The Restoration of a Vintage Mustang

Almost 20 years ago, I acquired a 1965 Mustang convertible. It was my second.

I had one for several years in the mid-1970s, but with a growing family and the uncertainties of driving without benefit of lead in the gas, it seemed an impractical indulgence at the time. (Leaded gas was a hot topic of discussion in the early 1980s; conventional wisdom of the day held that unless the engine was specifically designed for unleaded gas—which the Mustang engines were not—the valves would quickly burn out without the lubricating benefit of lead).

With some pangs of regret, we traded for a 1985 Toyota Corrola.

By 1999, long after it had become clear that vintage cars run just fine without lead, we had upgraded from the Corolla to a Previa minivan and a Tercel, which meant transportation needs were covered for our four-person family. It was time to embrace the impractical.

And so, I indulged....

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Washed and waxed, the indulgence makes its 1999 debut on my driveway. (For details, click here.)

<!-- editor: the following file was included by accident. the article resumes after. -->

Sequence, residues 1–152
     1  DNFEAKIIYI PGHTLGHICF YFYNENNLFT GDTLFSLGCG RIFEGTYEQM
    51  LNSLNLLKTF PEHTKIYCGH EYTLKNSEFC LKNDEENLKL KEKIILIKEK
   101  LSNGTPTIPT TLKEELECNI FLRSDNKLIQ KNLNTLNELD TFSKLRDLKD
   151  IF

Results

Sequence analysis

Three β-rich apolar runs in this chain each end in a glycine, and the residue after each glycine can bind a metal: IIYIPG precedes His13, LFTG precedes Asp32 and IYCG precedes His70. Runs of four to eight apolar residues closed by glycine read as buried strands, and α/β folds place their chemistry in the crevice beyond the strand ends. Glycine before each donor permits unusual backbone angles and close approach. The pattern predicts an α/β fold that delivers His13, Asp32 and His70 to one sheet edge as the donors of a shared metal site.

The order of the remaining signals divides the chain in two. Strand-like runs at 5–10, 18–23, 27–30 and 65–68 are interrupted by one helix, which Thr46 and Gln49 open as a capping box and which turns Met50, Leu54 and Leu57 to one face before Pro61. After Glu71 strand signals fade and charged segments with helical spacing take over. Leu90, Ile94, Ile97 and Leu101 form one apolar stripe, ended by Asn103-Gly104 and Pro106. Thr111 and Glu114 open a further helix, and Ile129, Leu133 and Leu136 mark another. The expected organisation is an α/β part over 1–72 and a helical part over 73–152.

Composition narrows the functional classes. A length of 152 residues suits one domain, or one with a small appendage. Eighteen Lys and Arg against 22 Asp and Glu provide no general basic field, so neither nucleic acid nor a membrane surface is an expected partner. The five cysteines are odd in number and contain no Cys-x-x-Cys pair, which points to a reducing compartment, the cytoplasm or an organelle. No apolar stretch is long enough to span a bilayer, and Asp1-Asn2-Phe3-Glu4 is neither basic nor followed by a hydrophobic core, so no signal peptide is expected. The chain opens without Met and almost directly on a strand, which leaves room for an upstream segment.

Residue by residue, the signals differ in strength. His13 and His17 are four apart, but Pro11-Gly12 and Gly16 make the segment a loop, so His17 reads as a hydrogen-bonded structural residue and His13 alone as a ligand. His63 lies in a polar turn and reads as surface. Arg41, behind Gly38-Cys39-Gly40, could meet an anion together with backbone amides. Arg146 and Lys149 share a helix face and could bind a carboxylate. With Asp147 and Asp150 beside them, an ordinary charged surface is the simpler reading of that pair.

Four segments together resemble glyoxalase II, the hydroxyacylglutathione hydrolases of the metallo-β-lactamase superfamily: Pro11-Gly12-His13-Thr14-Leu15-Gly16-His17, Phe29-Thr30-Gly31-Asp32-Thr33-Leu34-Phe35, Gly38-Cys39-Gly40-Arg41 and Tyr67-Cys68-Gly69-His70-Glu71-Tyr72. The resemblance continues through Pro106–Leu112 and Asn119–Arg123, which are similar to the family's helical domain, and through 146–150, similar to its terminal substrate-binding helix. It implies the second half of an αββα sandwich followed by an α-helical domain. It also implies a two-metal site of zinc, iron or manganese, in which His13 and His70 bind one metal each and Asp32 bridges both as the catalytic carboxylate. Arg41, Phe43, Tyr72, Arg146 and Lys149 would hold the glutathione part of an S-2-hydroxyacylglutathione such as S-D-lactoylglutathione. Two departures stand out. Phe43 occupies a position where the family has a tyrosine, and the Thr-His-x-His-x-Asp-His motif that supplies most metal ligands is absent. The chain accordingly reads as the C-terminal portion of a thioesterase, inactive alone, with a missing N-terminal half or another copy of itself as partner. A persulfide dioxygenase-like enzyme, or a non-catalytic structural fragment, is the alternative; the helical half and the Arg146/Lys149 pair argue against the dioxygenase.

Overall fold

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Sitting pretty on the driveway.
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Under the hood, a 302 cubic inch V8, a big bump up from the 200 cu in inline 6 in my earlier Mustang.

I knew from the start there were issues that would have to be addressed, but a newly rebuilt engine had been installed a year prior to my acquisition, the body work appeared to be sound, and overall it ran pretty well for its age.

Soon after buying the car, I started acquiring the shop tools and assorted Mustang parts I knew I would eventually need—air compressor; MIG welder, an assortment of window felt and rubber weatherstripping—but the Mustang's issues were mostly cosmetic and I was working long hours with a long commute, and so, except for a few fix-ups that couldn't be ignored, I never got really serious about restoration.

Fast forward 20 years, the car is not getting any younger, I'm retired with time on my hands. What to do?

That's what this blog is all about....

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